Mind the Gap. Digital is Old and Digital is New but Books Fill in the Middle.
The Harold B. Lee Library has a vast collection of information available in digital formats.
We provide online access to many of the latest scholarly journals and databases.
From our own collections we have scanned thousands of old books, diaries and small items such as early French political pamphlets (from 1547) and letters from Philip II, King of Spain (from 1592).
All told we have digitized well over a million pages along with thousands of photographs and we just keep adding more.
But if you take a good look at what we, and many other organizations, are providing, you will see a gap. We are able to digitize most books printed before 1923 and we can provide content that was “born digital” in the last decade. But there is almost a century of scholarship and literature that is in limbo, or more accurately it is in books and printed journals.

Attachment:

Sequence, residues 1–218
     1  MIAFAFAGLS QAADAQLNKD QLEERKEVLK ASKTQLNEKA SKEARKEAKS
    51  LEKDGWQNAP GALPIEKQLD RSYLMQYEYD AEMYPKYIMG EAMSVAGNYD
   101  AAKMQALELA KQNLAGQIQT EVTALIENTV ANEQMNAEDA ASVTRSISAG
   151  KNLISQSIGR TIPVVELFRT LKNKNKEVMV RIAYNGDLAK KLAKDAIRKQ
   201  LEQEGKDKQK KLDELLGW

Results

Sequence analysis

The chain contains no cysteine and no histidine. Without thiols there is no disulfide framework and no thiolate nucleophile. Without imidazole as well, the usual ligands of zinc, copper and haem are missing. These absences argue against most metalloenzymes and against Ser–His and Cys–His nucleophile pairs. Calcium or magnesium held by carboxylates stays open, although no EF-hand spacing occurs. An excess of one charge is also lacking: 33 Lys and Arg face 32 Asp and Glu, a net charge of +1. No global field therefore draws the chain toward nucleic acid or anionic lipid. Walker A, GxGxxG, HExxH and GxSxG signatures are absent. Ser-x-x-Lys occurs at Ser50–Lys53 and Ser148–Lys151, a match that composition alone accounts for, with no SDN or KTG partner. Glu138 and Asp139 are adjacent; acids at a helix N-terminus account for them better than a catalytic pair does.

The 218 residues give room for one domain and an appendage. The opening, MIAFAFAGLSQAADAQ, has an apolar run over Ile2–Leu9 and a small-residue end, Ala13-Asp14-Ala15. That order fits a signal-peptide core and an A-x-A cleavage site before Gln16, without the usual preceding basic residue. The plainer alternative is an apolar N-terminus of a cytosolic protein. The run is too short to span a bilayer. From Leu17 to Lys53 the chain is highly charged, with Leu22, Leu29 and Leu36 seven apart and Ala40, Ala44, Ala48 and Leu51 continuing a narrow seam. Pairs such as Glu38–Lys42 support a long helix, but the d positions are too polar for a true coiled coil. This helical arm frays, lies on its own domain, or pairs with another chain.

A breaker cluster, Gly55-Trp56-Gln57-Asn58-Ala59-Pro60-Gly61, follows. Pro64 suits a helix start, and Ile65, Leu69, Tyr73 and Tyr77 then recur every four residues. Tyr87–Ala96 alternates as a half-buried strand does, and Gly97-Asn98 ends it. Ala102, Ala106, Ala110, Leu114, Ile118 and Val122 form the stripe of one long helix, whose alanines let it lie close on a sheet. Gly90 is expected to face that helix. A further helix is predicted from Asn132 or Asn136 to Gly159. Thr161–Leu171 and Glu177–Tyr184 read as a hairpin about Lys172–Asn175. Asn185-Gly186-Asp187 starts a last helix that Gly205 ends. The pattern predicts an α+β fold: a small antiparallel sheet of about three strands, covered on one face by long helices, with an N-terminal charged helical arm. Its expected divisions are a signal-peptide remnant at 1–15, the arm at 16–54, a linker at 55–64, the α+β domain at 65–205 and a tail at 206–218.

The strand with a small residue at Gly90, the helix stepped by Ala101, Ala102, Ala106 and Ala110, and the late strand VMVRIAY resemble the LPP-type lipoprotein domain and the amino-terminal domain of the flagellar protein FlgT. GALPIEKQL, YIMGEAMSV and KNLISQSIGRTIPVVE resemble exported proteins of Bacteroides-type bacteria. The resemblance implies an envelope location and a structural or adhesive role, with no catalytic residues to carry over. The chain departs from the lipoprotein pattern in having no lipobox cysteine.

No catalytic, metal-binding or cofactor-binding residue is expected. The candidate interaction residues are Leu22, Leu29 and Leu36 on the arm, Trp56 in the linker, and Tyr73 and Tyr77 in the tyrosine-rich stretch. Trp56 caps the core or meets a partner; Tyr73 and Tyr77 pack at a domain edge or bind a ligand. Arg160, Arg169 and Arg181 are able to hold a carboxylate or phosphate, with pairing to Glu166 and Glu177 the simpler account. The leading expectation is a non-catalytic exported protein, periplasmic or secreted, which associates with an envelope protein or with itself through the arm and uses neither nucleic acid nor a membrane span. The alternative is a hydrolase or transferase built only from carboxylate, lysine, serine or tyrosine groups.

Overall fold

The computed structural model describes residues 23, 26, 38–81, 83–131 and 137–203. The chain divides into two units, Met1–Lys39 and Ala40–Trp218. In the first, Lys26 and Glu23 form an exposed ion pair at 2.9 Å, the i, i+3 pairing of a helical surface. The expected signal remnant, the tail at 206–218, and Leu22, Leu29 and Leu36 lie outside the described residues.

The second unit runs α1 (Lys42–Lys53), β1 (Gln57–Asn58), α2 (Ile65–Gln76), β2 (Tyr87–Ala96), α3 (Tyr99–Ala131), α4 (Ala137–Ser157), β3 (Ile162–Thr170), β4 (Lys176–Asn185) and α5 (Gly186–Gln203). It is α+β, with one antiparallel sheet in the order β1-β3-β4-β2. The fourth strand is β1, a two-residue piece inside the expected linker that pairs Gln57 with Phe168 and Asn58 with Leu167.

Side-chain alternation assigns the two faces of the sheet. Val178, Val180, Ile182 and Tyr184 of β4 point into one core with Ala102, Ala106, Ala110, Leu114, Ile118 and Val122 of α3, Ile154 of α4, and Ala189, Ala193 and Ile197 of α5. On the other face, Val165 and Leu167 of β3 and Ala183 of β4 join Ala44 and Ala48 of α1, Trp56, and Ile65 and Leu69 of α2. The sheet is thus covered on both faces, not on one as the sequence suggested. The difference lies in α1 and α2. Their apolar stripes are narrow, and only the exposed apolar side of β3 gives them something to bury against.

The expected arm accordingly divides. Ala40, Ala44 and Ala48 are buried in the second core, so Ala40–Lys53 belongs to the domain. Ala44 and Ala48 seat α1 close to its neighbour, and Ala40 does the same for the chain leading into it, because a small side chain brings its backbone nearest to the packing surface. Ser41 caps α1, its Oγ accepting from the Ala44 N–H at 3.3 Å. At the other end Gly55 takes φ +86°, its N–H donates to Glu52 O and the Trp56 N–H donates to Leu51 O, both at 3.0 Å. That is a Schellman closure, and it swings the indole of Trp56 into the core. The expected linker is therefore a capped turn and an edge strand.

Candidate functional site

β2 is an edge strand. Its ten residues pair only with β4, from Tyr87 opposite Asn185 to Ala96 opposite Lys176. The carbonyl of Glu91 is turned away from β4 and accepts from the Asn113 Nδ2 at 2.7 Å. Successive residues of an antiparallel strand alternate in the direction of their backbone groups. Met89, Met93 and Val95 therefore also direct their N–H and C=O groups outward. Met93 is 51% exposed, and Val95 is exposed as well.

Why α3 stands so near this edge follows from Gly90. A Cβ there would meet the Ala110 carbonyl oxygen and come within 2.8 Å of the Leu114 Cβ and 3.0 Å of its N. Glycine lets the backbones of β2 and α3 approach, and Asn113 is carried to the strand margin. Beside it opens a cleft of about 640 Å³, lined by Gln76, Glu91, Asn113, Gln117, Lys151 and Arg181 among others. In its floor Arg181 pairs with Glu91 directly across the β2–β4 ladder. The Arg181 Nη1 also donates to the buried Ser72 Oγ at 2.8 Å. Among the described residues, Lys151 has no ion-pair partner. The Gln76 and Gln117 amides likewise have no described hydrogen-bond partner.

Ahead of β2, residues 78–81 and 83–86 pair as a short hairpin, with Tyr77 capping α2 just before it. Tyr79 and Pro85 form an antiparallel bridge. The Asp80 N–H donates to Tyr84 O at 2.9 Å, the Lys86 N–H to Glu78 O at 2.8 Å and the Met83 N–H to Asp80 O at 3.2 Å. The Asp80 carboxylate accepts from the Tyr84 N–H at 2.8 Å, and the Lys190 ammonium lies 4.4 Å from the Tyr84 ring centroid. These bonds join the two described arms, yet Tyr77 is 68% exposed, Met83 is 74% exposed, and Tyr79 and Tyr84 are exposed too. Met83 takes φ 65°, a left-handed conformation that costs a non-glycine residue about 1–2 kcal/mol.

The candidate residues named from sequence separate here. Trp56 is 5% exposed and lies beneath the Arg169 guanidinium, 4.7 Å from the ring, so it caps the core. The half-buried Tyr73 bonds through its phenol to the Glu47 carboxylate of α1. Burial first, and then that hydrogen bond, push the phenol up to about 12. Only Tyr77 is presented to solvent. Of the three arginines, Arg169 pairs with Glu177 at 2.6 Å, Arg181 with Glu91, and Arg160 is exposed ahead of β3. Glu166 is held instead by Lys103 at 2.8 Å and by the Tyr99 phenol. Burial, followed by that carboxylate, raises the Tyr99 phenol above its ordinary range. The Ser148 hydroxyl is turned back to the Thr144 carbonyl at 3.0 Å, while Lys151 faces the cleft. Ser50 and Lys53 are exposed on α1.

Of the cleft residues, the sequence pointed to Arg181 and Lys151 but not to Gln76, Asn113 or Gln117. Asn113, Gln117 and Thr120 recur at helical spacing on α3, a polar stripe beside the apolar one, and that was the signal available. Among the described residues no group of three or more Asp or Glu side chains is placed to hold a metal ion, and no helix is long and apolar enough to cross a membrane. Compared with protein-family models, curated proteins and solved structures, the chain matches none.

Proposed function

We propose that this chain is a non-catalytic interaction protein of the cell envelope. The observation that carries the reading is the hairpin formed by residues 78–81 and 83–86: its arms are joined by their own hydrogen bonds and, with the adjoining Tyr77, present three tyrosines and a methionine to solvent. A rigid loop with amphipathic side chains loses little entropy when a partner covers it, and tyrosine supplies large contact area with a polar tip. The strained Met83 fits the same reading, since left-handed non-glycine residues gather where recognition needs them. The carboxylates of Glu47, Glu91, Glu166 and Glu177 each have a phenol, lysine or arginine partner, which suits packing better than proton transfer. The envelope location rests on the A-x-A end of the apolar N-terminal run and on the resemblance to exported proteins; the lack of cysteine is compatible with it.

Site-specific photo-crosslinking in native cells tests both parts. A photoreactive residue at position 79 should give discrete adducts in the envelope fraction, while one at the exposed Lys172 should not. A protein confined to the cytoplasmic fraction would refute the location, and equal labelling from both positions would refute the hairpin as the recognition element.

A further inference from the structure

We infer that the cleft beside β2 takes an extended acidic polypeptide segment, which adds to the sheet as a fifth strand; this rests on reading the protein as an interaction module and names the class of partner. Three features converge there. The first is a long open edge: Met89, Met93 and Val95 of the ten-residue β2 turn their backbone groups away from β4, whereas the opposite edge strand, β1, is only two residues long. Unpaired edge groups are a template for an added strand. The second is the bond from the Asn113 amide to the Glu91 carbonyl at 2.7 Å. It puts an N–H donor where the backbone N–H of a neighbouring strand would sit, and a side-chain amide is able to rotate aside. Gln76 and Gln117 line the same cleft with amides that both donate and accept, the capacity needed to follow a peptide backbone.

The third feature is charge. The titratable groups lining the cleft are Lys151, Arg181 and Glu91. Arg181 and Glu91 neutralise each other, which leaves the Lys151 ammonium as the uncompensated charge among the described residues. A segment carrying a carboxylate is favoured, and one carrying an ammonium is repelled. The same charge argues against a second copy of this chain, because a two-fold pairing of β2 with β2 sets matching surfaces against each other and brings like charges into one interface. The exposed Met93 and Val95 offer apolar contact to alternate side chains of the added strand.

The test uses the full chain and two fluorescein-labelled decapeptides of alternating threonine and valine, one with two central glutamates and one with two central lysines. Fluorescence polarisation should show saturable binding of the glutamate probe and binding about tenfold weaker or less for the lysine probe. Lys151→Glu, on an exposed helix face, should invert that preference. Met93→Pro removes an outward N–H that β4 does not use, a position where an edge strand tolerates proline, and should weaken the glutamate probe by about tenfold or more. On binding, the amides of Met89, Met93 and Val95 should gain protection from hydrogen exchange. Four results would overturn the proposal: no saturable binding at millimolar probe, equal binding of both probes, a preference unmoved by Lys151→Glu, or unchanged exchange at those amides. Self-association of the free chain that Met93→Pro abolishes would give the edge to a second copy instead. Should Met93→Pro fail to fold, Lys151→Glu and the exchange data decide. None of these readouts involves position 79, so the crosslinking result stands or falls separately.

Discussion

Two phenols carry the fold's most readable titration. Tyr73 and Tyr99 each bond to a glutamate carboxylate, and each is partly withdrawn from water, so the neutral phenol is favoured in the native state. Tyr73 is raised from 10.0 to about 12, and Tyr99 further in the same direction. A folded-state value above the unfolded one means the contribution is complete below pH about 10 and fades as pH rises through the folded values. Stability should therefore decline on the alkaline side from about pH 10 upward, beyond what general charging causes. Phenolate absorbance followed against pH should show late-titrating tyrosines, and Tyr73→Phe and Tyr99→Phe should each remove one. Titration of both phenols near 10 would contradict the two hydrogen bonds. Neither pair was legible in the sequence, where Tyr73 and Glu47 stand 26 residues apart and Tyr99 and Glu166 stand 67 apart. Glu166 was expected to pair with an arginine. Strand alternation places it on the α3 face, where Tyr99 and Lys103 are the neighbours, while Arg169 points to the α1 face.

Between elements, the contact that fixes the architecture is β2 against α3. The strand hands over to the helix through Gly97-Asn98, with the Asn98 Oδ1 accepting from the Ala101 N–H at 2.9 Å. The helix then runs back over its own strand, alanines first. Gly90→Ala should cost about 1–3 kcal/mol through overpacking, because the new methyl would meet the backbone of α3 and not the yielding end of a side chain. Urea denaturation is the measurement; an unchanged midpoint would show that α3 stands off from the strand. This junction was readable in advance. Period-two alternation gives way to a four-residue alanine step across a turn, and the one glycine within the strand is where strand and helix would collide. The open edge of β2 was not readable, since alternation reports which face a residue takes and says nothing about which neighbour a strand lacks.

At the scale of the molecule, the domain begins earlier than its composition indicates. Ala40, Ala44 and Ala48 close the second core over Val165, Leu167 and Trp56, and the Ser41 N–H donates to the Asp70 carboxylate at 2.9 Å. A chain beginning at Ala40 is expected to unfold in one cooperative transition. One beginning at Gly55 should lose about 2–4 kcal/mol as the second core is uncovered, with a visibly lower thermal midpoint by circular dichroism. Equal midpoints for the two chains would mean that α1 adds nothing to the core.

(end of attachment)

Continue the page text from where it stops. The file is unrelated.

Copyright laws protect the authors and publisher who produced printed materials. We, as a library cannot change the rules and we have no desire to cheat scholars of their rights. At the same time we are concerned that people assume that everything useful is online. The fact is, there is a world of knowledge that you can’t access through any electronic device. When students and faculty review the literature on a topic they need to have access to items that show the origins of the knowledge and ideas in our digital collections. Those items are available on our shelves and for the foreseeable future we will keep them easily accessible along with our digital resources.